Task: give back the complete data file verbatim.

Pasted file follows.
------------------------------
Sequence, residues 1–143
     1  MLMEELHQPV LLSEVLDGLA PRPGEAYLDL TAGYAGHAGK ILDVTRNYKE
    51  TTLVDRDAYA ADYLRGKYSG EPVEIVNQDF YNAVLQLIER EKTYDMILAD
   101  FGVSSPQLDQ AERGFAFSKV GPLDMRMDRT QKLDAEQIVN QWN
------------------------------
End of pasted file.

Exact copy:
Sequence, residues 1–143
     1  MLMEELHQPV LLSEVLDGLA PRPGEAYLDL TAGYAGHAGK ILDVTRNYKE
    51  TTLVDRDAYA ADYLRGKYSG EPVEIVNQDF YNAVLQLIER EKTYDMILAD
   101  FGVSSPQLDQ AERGFAFSKV GPLDMRMDRT QKLDAEQIVN QWN